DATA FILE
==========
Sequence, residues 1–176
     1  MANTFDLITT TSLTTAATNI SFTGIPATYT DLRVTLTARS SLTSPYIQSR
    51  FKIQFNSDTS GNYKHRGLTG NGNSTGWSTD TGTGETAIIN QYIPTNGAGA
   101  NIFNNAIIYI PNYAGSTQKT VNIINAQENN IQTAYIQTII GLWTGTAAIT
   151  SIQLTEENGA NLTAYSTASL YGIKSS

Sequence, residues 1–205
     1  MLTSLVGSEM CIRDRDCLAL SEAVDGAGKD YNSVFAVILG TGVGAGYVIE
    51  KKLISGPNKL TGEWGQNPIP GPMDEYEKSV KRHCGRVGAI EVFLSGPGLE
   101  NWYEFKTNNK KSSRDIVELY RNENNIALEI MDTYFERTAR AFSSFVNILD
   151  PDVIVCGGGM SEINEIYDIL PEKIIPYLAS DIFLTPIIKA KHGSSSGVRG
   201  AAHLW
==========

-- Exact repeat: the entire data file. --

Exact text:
Sequence, residues 1–176
     1  MANTFDLITT TSLTTAATNI SFTGIPATYT DLRVTLTARS SLTSPYIQSR
    51  FKIQFNSDTS GNYKHRGLTG NGNSTGWSTD TGTGETAIIN QYIPTNGAGA
   101  NIFNNAIIYI PNYAGSTQKT VNIINAQENN IQTAYIQTII GLWTGTAAIT
   151  SIQLTEENGA NLTAYSTASL YGIKSS

Sequence, residues 1–205
     1  MLTSLVGSEM CIRDRDCLAL SEAVDGAGKD YNSVFAVILG TGVGAGYVIE
    51  KKLISGPNKL TGEWGQNPIP GPMDEYEKSV KRHCGRVGAI EVFLSGPGLE
   101  NWYEFKTNNK KSSRDIVELY RNENNIALEI MDTYFERTAR AFSSFVNILD
   151  PDVIVCGGGM SEINEIYDIL PEKIIPYLAS DIFLTPIIKA KHGSSSGVRG
   201  AAHLW